At the one-word stage children use gesture to supplement their speech (‘eat’+point at cookie), and the onset of such supplementary gesture-speech combinations predicts the onset of two-word speech (‘eat cookie’). Gesture thus signals a child’s readiness to produce two-word constructions. The question we ask here is what happens when the child begins to flesh out these early skeletal two-word constructions with additional arguments. One possibility is that gesture continues to be a forerunner of linguistic change as children flesh out their skeletal constructions by adding arguments. Alternatively, after serving as an opening wedge into language, gesture could cease its role as a forerunner of linguistic change. Our analysis of 40 children – from 14 to 34 months – showed that children relied on gesture to produce the first instance of a variety of constructions. However, once each construction was established in their repertoire, the children did not use gesture to flesh out the construction. Gesture thus acts as a harbinger of linguistic steps only when those steps involve new constructions, not when the steps merely flesh out existing constructions.

from Language and Cognitive Processes

Clinicians must take into account the validity, reliability, sensitivity, and practical utility of aphasia screening assessment tools before using them on their patients

No abstract available.

from Evidence-Based Communication Assessment and Intervention

Semantic access dysphasia resulting from left temporal lobe tumours

Unlike semantic degradation disorders, the mechanisms and the anatomical underpinnings of semantic access disorders are still unclear. We report the results of a case series study on the effects of temporal lobe gliomas on semantic access abilities of a group of 20 patients. Patients were tested 1–2 days before and 4–6 days after the removal of the tumour. Their semantic access skills were assessed with two spoken word-to-picture matching tasks, which aimed to separately control for rate of presentation, consistency and serial position effects (Experiment 1) and for word frequency and semantic distance effects (Experiment 2). These variables have been held to be critical in characterizing access in contrast to degraded-store semantic deficits, with access deficits characterized by inconsistency of response, better performance with slower presentation rates and with semantically distant stimuli, in the absence of frequency effects. Degradation deficits show the opposite pattern. Our results showed that low-grade slowly growing tumours tend not to produce signs of access problems. However, high-grade tumours especially within the left hemisphere consistently produce strong semantic deficits of a clear access type: response inconsistency and strong semantic distance effects in the absence of word frequency effects were detected. However, effects of presentation rate and serial position were very weak, suggesting non-refractory behaviour in the tumour patients tested. This evidence, together with the results of lesion overlapping, suggests the presence of a type of non-refractory semantic access deficit. We suggest that this deficit could be caused by the disconnection of posterior temporal lexical input areas from semantic system.

from Brain

The neural basis of surface dyslexia in semantic dementia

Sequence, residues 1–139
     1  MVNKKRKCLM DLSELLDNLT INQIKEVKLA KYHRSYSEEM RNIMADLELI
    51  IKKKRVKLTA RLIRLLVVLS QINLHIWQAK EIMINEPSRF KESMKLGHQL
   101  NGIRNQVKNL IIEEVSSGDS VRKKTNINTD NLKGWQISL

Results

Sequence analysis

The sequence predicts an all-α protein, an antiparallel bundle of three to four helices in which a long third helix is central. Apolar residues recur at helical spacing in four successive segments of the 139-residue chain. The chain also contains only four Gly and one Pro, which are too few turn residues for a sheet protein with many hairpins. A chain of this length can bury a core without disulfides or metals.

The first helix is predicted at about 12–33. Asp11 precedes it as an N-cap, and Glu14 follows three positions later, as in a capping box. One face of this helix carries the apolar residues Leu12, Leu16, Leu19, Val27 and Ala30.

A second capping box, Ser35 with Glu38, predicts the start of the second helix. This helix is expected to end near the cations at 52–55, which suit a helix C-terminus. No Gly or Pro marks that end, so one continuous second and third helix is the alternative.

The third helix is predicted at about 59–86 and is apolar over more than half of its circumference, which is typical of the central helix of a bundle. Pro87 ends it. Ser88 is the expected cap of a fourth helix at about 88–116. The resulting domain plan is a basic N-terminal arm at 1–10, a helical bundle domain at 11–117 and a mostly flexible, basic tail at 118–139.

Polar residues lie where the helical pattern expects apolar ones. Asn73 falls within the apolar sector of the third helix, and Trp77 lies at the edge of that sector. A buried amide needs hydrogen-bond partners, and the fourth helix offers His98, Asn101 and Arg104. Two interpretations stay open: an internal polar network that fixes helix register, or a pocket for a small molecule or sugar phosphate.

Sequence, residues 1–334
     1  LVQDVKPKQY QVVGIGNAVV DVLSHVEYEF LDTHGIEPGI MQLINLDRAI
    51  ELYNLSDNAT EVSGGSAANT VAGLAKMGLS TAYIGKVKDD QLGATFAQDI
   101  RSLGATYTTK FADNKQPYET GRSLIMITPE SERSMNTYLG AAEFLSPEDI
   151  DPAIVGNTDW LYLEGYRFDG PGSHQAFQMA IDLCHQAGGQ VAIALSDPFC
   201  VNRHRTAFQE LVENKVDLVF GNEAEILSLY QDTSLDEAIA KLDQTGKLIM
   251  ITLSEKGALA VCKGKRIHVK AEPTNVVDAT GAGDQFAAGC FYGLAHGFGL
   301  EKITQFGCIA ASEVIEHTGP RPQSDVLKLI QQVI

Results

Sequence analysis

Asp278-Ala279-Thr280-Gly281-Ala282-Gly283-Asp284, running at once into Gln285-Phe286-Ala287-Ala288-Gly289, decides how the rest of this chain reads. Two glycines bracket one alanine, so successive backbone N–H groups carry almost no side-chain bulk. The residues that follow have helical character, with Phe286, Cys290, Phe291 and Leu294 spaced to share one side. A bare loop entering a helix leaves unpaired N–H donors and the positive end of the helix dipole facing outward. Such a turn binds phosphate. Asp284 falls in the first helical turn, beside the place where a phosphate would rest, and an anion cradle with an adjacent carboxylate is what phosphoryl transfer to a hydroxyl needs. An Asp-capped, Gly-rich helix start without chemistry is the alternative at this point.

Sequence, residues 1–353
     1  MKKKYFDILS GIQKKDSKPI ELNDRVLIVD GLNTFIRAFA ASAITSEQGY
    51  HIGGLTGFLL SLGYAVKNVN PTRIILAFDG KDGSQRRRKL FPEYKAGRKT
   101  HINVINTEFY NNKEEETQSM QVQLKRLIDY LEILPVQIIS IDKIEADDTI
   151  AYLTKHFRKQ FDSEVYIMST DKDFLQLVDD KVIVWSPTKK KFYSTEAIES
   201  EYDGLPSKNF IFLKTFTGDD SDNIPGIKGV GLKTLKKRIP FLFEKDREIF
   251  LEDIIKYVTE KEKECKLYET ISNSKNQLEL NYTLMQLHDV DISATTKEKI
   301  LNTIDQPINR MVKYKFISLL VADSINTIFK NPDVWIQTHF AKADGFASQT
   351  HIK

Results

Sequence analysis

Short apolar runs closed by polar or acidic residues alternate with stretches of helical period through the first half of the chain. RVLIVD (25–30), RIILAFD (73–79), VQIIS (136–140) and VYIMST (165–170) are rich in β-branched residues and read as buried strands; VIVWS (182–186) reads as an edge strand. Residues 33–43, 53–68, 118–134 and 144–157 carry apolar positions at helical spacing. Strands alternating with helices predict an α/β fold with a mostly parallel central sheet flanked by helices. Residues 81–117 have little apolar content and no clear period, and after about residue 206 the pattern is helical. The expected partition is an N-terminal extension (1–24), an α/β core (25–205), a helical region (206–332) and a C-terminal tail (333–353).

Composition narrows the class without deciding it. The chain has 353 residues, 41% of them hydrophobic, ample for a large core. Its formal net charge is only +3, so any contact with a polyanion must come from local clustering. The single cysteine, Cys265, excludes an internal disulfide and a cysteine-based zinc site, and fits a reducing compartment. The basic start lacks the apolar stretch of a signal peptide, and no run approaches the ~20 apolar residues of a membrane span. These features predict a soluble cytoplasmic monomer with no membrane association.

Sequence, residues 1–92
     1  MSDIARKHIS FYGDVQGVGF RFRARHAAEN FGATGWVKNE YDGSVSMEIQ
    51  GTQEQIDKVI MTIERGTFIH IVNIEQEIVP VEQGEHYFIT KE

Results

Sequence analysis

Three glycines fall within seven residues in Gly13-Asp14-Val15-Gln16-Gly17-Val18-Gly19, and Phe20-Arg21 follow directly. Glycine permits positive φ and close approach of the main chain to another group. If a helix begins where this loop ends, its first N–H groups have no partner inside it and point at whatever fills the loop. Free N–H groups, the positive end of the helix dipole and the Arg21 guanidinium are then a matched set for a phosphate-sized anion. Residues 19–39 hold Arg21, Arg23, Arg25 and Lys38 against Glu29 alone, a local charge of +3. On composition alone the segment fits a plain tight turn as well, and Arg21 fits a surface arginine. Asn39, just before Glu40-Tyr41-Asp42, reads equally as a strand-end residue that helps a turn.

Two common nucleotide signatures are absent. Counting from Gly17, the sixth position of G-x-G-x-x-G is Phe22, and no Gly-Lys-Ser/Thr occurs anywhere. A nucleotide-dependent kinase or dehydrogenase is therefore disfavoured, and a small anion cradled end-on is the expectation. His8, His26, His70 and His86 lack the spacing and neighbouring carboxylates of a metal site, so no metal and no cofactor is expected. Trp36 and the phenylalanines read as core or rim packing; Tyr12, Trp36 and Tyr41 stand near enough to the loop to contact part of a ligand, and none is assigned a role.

Semantic dementia (SD) is a neurodegenerative disease characterized by atrophy of anterior temporal regions and progressive loss of semantic memory. SD patients often present with surface dyslexia, a relatively selective impairment in reading low-frequency words with exceptional or atypical spelling-to-sound correspondences. Exception words are typically ‘over-regularized’ in SD and pronounced as they are spelled (e.g. ‘sew’ is pronounced as ‘sue’). This suggests that in the absence of sufficient item-specific knowledge, exception words are read by relying mainly on subword processes for regular mapping of orthography to phonology. In this study, we investigated the functional anatomy of surface dyslexia in SD using functional magnetic resonance imaging (fMRI) and studied its relationship to structural damage with voxel-based morphometry (VBM). Five SD patients and nine healthy age-matched controls were scanned while they read regular words, exception words and pseudowords in an event-related design. Vocal responses were recorded and revealed that all patients were impaired in reading low-frequency exception words, and made frequent over-regularization errors. Consistent with prior studies, fMRI data revealed that both groups activated a similar basic network of bilateral occipital, motor and premotor regions for reading single words. VBM showed that these regions were not significantly atrophied in SD. In control subjects, a region in the left intraparietal sulcus was activated for reading pseudowords and low-frequency regular words but not exception words, suggesting a role for this area in subword mapping from orthographic to phonological representations. In SD patients only, this inferior parietal region, which was not atrophied, was also activated by reading low-frequency exception words, especially on trials where over-regularization errors occurred. These results suggest that the left intraparietal sulcus is involved in subword reading processes that are differentially recruited in SD when word-specific information is lost. This loss is likely related to degeneration of the anterior temporal lobe, which was severely atrophied in SD. Consistent with this, left mid-fusiform and superior temporal regions that showed reading-related activations in controls were not activated in SD. Taken together, these results suggest that the left inferior parietal region subserves subword orthographic-to-phonological processes that are recruited for exception word reading when retrieval of exceptional, item-specific word forms is impaired by degeneration of the anterior temporal lobe.